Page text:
Support The Moscow Times!

Head of Russia's FSB Attends U.S. Summit on Violent Extremism

Alexander Bortnikov, the director of the Russian Federal Security Service.

The director of the Russian Federal Security Service, or FSB, will head the country's delegation at a summit on countering violent extremism hosted by U.S. President Barack Obama, FSB said Wednesday.

This would be a rare visit by a senior Russian official to Washington after relations have fallen to their lowest since the fall of the Soviet Union following Moscow's annexation of Ukraine's Crimea, its continued involvement in the Ukraine conflict and Western sanctions imposed in retaliation.

Finance Minister Anton Siluanov has traveled to Washington for annual International Monetary Fund and World Bank meetings.

The Washington summit, which started Tuesday and brings together local officials from across the country and ministers from around the world, follows recent shootings in Copenhagen and Paris that have galvanized Western resolve against such extremist attacks.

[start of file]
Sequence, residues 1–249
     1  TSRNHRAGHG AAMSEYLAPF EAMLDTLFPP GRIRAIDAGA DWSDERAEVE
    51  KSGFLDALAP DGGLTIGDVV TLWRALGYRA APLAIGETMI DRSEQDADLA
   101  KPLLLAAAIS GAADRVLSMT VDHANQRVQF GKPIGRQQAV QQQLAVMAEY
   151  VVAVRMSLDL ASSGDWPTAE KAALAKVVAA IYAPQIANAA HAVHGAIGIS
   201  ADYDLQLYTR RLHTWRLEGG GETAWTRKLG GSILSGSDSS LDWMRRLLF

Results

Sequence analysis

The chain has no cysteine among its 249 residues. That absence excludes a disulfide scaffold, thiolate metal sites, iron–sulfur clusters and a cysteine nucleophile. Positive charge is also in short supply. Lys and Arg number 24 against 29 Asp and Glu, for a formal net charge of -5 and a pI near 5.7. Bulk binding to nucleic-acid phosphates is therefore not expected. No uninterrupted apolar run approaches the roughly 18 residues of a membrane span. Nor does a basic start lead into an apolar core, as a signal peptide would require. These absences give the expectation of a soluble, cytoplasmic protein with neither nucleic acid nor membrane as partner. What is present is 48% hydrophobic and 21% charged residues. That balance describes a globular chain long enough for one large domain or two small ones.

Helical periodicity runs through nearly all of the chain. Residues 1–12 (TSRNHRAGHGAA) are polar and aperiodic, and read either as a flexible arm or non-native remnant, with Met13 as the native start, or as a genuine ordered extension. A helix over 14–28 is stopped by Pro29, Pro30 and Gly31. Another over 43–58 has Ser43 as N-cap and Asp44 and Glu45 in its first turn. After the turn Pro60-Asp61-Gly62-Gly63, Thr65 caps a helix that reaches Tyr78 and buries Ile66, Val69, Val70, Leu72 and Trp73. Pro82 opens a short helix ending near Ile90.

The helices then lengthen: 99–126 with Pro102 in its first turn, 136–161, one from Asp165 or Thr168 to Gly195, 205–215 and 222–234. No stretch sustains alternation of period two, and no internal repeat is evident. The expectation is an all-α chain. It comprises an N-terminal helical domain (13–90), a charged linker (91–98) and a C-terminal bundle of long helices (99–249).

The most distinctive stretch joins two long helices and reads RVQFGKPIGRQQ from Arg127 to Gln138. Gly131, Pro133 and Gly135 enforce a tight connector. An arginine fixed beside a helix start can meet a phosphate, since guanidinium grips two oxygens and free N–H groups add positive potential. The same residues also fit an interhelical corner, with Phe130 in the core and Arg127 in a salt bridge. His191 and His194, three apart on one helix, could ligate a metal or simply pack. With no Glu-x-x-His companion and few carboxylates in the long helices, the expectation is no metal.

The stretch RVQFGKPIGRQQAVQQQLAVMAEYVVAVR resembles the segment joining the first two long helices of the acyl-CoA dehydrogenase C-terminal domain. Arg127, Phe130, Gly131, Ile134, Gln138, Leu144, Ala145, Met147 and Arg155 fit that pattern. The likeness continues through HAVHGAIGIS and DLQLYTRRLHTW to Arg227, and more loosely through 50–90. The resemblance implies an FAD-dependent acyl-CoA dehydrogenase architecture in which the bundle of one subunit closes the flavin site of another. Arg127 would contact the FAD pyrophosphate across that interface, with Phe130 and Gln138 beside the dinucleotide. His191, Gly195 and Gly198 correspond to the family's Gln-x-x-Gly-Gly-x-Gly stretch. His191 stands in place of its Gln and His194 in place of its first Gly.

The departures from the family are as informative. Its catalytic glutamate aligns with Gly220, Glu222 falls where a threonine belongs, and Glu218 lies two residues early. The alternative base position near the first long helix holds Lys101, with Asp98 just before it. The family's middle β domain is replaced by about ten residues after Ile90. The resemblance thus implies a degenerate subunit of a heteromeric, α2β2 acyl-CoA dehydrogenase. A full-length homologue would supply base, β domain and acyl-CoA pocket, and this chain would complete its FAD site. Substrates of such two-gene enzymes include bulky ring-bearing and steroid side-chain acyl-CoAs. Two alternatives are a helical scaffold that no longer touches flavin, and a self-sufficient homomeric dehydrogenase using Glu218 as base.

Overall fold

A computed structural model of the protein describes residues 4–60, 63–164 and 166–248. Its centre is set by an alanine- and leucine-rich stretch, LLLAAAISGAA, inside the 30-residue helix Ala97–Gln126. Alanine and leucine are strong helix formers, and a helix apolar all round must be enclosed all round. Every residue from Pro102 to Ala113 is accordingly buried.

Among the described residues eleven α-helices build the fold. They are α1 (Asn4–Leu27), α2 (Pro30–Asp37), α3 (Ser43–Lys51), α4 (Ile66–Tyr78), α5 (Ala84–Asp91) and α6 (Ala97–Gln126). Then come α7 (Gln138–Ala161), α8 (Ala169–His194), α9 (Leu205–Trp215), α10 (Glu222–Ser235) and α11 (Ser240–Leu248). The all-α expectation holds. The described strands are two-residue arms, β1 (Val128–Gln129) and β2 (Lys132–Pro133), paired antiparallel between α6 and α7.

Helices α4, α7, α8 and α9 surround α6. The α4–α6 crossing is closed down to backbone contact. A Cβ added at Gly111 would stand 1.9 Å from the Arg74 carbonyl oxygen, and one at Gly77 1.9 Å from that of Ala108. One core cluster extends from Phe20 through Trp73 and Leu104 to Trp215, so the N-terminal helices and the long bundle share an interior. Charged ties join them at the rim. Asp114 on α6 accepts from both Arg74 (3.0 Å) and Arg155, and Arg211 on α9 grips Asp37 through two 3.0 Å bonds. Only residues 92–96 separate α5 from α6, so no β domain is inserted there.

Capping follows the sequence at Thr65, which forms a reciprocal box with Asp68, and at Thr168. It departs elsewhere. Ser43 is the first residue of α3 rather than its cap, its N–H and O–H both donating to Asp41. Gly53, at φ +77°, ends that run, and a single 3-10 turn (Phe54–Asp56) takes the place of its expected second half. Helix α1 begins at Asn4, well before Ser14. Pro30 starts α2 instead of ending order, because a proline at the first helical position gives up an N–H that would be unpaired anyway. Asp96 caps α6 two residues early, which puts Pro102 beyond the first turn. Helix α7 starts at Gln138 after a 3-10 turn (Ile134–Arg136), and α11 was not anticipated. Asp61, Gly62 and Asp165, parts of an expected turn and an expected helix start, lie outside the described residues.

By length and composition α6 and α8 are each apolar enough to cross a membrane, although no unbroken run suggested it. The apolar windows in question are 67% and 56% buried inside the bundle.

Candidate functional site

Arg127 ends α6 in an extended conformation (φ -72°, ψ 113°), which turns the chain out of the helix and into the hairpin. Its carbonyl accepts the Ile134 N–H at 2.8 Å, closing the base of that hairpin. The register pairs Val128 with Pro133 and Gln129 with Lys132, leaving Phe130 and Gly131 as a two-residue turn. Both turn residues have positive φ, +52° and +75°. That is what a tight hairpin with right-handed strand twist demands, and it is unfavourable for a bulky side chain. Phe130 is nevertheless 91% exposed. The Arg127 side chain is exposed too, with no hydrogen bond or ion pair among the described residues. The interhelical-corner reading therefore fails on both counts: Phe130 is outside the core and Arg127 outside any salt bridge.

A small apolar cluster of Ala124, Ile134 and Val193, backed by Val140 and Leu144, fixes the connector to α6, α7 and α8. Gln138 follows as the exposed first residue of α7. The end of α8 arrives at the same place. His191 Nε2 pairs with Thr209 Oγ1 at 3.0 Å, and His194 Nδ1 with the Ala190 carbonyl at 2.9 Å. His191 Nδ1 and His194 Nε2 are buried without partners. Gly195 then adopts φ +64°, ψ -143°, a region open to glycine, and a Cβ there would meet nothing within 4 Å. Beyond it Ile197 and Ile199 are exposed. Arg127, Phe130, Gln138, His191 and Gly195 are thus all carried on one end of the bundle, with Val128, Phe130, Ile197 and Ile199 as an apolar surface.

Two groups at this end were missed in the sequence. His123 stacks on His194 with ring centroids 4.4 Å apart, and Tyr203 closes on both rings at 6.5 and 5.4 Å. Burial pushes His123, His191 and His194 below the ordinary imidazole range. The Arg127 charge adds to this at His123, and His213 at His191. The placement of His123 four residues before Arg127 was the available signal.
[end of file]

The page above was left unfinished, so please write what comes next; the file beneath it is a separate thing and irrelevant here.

Alexander Bortnikov, the FSB's director, flew to Washington on Wednesday at the invitation of the American side, the FSB said in a statement. He has been hit by European Union sanctions but not is not on the U.S. sanctions list.

"Bortnikov will inform the participants of the forum about the national system to counter extremism that is functioning in the Russian Federation, stressing the importance of the role of the state in countering the ideology of terrorism," the FSB said.

The FSB, a successor to the Soviet Union's Committee of State Security, or KGB, is Russia's main security agency.

Read more

Independent journalism isn’t dead. You can help keep it alive.

As the only remaining independent, English-language news source reporting from Russia, The Moscow Times plays a critical role in connecting Russia to the world.

Editorial decisions are made entirely by journalists in our newsroom, who adhere to the highest ethical standards. We fearlessly cover issues that are often considered off-limits or taboo in Russia, from domestic violence and LGBT issues to the climate crisis and a secretive nuclear blast that exposed unknowing doctors to radiation.

Please consider making a one-time donation — or better still a recurring donation — to The Moscow Times to help us continue producing vital, high-quality journalism about the world's largest country.